The ACS-NSQIP database is a national prospective database that compiles voluntarily reported data from over 680 institutions in the United States. For example, over 1 million cases were submitted as part of the 2017 and 2018 update to the NSQIP database. Data is collected on over 300 variables that include preoperative risk factors, intraoperative variables and post-operative outcomes including complications up to 30 days after surgical procedures.[10] Data collection has been previously described in detail.[10,11] In brief, data are collected in 8-day cycles, with the first 40 procedures in the cycle included in the dataset. The most commonly performed procedures are capped at 5 within each cycle to increase procedure heterogeneity. Trained clinical nurses assigned at each site collect data for 30 days postoperatively using isolated telephone interviews and operative and clinical notes. Interrater reliability audits of selected participating sites help ensure the collected data are of the highest quality possible. The combined results of inter-rater reliability audits completed to date revealed an overall inter-rater disagreement rate of approximately 1.8% for all assessed program variables.[10,11]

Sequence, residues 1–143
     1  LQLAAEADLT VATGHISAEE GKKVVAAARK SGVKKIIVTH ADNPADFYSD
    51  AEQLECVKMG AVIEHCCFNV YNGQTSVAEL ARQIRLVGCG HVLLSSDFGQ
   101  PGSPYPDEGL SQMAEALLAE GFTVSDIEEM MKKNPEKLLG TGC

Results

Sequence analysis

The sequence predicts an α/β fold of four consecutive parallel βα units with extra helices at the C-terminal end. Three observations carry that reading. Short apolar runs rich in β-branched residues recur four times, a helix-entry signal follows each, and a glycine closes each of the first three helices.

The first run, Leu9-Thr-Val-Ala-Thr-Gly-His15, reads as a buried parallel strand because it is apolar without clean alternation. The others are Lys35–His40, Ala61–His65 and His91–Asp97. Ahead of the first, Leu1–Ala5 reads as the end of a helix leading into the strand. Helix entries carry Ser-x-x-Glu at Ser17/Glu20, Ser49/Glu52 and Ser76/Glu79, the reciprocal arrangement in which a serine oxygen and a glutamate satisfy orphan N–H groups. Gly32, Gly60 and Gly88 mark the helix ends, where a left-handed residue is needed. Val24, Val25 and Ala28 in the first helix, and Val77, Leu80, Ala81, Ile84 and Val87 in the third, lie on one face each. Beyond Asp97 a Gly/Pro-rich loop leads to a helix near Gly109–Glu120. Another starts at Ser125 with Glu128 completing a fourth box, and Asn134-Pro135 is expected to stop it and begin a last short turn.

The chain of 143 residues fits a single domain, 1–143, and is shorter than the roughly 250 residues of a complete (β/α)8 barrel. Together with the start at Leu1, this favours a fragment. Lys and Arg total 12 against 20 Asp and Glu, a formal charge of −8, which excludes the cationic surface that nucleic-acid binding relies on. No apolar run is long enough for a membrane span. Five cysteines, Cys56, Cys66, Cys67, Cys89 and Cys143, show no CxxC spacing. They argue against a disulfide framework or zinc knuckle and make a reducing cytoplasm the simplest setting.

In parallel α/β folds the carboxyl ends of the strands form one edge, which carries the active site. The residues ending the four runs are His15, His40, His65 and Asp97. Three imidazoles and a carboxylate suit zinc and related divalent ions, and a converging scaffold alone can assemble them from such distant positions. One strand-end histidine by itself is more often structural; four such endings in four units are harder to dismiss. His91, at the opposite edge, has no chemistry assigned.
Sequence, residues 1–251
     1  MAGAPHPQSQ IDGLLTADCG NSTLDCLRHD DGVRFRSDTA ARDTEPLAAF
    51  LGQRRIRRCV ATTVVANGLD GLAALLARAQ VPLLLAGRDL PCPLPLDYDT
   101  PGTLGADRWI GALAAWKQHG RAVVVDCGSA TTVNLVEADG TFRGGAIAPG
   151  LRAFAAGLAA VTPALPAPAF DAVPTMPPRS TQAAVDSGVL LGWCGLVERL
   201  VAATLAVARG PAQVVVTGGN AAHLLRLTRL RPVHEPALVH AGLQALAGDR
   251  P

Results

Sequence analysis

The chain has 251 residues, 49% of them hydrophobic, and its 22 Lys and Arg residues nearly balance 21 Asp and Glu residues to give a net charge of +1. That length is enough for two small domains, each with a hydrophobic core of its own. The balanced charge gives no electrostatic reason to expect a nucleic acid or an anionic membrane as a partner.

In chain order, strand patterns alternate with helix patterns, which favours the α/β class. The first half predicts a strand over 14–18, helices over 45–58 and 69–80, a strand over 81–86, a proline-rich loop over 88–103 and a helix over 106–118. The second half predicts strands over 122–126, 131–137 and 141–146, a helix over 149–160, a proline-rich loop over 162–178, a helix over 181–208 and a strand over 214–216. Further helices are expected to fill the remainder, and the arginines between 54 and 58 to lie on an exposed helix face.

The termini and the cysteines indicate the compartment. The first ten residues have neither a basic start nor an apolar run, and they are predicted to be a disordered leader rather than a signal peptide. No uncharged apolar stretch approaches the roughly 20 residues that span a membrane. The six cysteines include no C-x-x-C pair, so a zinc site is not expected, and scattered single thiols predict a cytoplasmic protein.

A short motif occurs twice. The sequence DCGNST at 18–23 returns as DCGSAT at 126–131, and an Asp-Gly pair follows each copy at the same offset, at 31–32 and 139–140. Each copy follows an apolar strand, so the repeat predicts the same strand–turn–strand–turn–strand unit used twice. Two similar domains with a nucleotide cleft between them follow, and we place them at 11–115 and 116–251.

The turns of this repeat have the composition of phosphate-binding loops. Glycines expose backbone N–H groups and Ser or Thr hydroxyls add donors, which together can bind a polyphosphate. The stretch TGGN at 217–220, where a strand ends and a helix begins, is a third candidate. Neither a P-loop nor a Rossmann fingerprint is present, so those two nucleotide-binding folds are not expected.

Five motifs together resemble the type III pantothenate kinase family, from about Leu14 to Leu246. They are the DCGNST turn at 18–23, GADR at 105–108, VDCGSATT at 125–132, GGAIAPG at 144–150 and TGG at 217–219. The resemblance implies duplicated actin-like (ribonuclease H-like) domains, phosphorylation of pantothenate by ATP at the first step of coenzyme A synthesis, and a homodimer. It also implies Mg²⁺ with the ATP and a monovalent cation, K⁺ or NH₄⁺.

De-identified patient information is freely available to all institutional members who comply with the ACS NSQIP Data Use Agreement. The Data Use Agreement implements the protections afforded by the Health Insurance Portability and Accountability Act of 1996 and the ACS NSQIP Hospital Participation Agreement. The ACS NSQIP and the hospitals participating in this program are the sources of the data used in this study; however, these entities have not verified and are not responsible for the statistical validity of the data analysis or the conclusions derived by the authors.[12,13]